Tag Archives: letting go

Carrying with care

Sometimes the box goes in the backseat.

“You can put that box down,” my high school boyfriend once told me. We’d been driving for a while, and had a while left to travel, and the whole time I’d been gripping a cardboard box full of…CDs? Books? The contents weren’t particularly important, but having their weight on my lap was comfortable.

I am comfortable carrying weight, all right with responsibility. Sometimes it overwhelms me, but as long as I am honest, I usually feel light, even if my burdens are heavy.

But it matters what I hold, and why. There is no need for me to balance a box on my lap when I can just as easily put that box in the backseat. It helps to have free hands.

And while I don’t always get to choose my responsibilities, a lot of the time I do. Just because I can carry something doesn’t mean I need to. So I do my best to choose wisely, and if I notice I’m lifting unnecessary weight, I can always put it down.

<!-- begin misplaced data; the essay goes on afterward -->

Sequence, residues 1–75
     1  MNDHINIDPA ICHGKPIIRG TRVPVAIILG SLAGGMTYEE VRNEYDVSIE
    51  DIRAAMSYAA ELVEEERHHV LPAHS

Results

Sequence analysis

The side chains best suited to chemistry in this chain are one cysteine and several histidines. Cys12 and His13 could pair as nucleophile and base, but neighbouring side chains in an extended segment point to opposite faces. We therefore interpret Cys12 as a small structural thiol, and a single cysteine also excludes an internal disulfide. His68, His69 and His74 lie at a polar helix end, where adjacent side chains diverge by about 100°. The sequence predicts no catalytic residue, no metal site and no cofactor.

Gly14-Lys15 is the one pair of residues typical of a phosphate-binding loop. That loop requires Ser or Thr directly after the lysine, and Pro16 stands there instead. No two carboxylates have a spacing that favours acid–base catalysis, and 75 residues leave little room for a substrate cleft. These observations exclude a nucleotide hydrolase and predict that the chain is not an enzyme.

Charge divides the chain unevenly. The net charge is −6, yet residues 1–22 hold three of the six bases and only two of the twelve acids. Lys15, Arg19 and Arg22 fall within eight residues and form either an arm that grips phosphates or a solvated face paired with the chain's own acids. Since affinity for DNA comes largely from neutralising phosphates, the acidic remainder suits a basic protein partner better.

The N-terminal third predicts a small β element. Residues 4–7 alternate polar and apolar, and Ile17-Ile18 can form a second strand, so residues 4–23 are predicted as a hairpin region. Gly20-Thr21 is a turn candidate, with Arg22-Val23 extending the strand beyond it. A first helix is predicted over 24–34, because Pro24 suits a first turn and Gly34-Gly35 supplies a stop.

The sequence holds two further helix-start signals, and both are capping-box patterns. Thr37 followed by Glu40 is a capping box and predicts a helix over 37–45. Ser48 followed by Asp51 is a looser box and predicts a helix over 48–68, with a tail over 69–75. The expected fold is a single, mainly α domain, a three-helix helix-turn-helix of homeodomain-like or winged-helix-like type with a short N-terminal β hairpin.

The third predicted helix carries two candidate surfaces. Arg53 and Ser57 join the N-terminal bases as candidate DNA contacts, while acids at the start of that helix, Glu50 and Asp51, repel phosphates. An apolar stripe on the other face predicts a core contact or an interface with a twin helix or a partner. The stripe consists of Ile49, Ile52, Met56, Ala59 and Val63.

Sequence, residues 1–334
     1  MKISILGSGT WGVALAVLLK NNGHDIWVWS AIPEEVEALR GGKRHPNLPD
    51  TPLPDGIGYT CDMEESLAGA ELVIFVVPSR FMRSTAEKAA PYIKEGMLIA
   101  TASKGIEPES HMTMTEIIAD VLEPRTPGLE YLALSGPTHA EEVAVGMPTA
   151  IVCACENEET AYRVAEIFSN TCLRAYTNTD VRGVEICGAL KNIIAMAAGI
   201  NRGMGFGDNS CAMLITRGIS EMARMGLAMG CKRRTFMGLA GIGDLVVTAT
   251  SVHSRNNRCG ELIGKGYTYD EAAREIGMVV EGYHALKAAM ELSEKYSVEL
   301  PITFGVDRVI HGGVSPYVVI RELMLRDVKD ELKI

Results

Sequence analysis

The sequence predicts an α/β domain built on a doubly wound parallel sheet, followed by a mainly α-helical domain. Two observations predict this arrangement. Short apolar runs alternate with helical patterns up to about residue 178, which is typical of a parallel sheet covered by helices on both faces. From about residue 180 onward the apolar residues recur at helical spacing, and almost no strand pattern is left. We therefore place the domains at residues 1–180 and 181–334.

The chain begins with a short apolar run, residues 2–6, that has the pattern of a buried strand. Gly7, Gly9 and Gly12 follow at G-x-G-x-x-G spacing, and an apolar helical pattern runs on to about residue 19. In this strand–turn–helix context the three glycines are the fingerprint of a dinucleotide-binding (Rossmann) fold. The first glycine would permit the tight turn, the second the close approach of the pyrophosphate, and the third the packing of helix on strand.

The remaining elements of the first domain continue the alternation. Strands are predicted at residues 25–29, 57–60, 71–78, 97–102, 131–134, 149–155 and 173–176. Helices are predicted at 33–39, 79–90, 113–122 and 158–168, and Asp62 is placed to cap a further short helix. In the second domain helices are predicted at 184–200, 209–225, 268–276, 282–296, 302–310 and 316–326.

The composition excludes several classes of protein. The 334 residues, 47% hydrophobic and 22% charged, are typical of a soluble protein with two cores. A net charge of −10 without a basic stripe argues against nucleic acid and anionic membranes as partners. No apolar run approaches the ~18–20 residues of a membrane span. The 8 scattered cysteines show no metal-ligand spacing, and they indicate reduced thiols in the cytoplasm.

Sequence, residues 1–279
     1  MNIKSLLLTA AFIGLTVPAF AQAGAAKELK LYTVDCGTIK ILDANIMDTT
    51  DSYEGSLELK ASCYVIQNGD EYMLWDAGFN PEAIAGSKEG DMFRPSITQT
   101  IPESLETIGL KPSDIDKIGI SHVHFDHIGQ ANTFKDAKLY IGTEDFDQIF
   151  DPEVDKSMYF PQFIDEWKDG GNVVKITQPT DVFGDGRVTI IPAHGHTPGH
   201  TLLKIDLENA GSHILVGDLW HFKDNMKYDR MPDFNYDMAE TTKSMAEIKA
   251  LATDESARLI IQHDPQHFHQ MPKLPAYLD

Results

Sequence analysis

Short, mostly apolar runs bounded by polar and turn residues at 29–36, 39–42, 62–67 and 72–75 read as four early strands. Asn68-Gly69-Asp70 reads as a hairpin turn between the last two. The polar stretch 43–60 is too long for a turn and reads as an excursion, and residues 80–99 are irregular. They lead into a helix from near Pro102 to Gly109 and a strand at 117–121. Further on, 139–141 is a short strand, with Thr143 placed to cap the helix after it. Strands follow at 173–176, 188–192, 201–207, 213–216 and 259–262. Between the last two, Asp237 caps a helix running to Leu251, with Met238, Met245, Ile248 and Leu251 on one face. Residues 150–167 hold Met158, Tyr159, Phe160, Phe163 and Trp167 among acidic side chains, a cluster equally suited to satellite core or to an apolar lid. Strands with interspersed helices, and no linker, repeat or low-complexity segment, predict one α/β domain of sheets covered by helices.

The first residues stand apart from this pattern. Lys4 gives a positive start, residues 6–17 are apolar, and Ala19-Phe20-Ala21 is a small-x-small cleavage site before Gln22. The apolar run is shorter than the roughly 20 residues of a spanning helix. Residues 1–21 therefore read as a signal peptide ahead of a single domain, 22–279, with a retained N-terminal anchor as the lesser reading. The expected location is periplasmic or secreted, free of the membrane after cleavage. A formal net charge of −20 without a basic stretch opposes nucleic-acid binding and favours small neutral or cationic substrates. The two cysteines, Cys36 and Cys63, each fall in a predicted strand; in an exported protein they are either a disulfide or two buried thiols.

(And if I really miss it, I can usually pick it up again…)

Rightly wrong

mistake

I like to be right. I’ll admit it: Not being wrong feels amazing. But being right is not important.

In truth, it’s acting rightly that matters, choosing to be “in accordance with what is just, good, or proper.” It’s actions that make a difference. And sometimes I act wrong.

Just now, for example, I should have said “wrongly”–that’s the correct way to use an adverb. But I didn’t care, because I liked the sound of the sentence better when I wrote it my way.

“My way” and “wrong” have a knack for finding each other.

Most recently my selfish will–which I’m still striving to let go of–tricked me into making a mighty mistake, one that has caused a lot of pain. Fortunately, pain is not pointless. Unfortunately, knowing this does not make it less painful.

What helps with the pain is compassion. Because there is a right way to be wrong–a loving way to accept mistakes. Feeling sad sucks, but this too shall pass. As long as I don’t harbor self-hate.

Self-hate wants me to suffer. It believes in punishment, in penance, in perpetuating pain.

Self-hate needs healing too, I know. I won’t banish it from my  “Guest House”–but I don’t have to offer it a cozy chair in which to curl up. I can give compassion the seat of honor.

I made a mistake, it’s true. I acted wrongly. And compassion says, okay.

Compassion says, be kind. It says, you tried. You did your best to be just, to be good, to be proper. And you failed. It’s all right. You are still worthy. You are still loved. Always, anyway, no matter what.

What a relief, amen.